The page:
Sempai Julie Creighton – Second Degree Black Belt – Nutrition and Wellness Specialist (NWS) – Milton Academy of Martial Arts.
Weight loss requires change. For any change to become habit it must be done gradually and consistently. If you are overweight like I was, changes are needed. Does it sound overwhelming? I know. Sometimes I felt like I was drowning in what needed to be done, unable to take the first step that would set all in motion. The first step is the hardest; it’s not something you can change easily, like the paint on the wall or swapping a shirt for another. Let’s explore my 3 steps:
- Attitude –
- Think Positive. Have faith in yourself. I wish I could plaster these quotes on everyone’s bedroom walls. Do not get stuck beating yourself up about all the things you did wrong and why you deserve to be overweight. Let’s be honest. Those questions are difficult to get rid of, if not impossible at the beginning. I’m not asking you to, I’m asking you to change them. Notice those negative thoughts and switch them to positive ones.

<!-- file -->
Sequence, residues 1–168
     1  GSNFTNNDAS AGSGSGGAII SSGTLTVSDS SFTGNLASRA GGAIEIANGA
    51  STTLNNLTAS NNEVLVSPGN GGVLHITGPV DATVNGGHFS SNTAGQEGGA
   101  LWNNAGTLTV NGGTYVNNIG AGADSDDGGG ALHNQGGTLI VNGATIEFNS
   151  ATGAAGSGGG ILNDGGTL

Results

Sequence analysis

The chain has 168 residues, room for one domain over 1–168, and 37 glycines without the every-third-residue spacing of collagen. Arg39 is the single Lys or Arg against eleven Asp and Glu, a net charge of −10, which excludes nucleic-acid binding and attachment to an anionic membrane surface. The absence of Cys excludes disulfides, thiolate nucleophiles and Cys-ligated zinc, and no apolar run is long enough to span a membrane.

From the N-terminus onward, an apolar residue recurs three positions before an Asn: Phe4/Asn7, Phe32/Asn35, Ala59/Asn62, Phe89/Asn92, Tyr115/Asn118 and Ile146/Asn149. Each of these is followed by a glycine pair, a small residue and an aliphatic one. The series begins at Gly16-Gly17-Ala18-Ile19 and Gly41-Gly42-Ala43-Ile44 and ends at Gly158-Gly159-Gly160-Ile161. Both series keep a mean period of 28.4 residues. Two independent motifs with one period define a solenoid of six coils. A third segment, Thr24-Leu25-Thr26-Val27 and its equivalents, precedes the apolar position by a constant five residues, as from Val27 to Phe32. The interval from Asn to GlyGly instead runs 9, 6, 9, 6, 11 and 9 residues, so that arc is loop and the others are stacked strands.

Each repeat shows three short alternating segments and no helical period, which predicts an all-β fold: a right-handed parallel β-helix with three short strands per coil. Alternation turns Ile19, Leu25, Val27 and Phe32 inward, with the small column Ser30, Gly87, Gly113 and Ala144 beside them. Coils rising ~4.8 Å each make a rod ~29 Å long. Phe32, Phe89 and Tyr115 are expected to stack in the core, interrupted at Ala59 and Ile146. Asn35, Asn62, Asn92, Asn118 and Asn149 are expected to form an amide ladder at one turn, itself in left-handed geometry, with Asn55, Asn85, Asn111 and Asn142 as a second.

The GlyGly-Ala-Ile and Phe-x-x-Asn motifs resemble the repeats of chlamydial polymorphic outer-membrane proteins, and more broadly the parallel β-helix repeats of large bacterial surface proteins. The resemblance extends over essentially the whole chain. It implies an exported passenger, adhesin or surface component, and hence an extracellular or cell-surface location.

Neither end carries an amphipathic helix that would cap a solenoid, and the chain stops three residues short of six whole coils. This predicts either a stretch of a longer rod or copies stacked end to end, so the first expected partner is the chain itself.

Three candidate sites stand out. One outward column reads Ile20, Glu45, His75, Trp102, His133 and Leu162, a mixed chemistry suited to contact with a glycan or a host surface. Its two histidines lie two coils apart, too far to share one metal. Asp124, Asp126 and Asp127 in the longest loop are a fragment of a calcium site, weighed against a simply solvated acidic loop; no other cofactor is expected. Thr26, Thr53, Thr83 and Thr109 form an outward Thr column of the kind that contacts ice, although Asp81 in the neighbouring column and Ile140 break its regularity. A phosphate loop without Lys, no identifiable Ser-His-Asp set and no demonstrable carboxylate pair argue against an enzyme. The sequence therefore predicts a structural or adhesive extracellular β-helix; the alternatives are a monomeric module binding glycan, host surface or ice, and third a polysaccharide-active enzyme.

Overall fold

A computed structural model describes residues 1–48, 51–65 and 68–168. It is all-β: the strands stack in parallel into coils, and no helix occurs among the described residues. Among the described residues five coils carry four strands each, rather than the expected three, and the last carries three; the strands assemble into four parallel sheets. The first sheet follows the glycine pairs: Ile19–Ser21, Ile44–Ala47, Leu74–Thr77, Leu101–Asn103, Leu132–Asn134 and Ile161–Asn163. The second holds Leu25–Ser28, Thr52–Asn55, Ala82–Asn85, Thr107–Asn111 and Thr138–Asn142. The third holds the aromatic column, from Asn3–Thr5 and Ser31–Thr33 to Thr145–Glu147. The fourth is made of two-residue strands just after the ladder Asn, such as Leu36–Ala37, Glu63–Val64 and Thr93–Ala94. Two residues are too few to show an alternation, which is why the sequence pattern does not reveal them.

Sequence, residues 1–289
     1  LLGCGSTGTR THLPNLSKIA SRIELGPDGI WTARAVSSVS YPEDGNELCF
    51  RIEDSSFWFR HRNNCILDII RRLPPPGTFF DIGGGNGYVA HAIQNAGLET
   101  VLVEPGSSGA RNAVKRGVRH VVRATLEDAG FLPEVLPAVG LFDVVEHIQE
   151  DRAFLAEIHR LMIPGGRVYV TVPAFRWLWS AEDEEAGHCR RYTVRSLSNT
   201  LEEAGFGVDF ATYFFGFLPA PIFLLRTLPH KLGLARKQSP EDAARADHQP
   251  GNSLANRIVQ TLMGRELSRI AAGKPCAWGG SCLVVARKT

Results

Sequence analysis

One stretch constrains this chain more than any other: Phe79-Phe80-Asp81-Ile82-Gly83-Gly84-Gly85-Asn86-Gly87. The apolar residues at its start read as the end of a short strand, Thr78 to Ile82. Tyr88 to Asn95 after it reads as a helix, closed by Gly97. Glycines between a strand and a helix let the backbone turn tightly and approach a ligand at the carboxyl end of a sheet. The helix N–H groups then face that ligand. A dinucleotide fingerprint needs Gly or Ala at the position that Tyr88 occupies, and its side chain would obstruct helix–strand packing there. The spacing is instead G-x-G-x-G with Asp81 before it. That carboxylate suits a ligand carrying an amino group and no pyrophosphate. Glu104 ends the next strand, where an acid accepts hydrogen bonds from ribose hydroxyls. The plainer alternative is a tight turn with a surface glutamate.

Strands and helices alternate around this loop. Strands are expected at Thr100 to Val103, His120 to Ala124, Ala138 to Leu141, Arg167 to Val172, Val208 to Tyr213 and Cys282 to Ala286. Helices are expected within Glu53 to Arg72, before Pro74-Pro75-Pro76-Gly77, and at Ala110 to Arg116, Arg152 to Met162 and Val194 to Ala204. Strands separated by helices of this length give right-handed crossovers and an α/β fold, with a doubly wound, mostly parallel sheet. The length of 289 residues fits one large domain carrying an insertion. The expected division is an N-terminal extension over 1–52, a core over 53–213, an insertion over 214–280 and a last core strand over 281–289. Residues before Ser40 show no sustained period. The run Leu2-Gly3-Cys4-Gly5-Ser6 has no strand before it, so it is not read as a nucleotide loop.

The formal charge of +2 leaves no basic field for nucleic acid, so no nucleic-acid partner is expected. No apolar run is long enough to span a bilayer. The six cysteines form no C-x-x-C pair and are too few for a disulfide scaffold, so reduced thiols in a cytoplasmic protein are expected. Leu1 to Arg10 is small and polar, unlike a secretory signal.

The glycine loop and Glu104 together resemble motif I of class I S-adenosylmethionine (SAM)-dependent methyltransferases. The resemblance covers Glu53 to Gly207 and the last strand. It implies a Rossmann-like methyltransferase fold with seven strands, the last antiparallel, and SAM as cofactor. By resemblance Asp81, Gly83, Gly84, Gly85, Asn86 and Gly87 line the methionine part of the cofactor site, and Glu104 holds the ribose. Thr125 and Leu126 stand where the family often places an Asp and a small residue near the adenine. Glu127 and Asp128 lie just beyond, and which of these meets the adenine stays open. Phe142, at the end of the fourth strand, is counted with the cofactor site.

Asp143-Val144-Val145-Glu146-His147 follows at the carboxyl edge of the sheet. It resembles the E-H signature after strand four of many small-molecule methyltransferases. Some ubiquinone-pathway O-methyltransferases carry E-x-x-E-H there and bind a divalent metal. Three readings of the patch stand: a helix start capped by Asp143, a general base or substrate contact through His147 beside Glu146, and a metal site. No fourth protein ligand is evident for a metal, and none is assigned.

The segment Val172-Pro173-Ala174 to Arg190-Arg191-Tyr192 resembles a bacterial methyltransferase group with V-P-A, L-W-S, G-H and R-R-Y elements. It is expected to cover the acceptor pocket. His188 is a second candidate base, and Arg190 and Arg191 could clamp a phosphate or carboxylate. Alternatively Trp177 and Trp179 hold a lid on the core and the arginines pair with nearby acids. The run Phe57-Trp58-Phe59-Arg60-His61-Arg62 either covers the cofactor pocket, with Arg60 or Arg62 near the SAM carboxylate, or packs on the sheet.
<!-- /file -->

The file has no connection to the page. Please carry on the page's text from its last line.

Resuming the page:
- o From: “ I am so stupid for letting this happen, I know better”
- o Into: “ I am so fortunate that I am making steps to correct this now”
- WARNING: changing something internally takes time. Lots and lots of time. You can’t expect for those negative thoughts to go positive in a day. My journey took me four years. This positive mindset also makes you a healthier person!
- Habits –
- Replace old habits one at a time with healthy ones. It takes thirty days to create a habit. Habits take patience: Eating habits, exercise habits, calorie counting, meal planning and weighing yourself weekly. These habits will be laid out in specific steps in my next posts.
- Commitment –
- Dedication will require a restricted freedom on some levels, but this is required for success. Become your own BFF and dedicate yourself to making the necessary changes to meet your weight loss goals. Be a loyal friend to yourself. Only YOU will love YOU the most. Love yourself! Commit to the process!
Mental strength is developed just like physical power; it needs exercise and the chance to flex against resistance, whether it a dumbbell or junk food. Years of karate, yoga and tai chi training gave me this dedication and focus in moments of weakness. It let me say NO, when I wanted to skip a workout or eat take out. Any structured activity like dance, Pilates, or an organized sport like hockey, basketball, baseball or soccer will develop sharper mental skills; it’s in the very nature of these forms of exercise.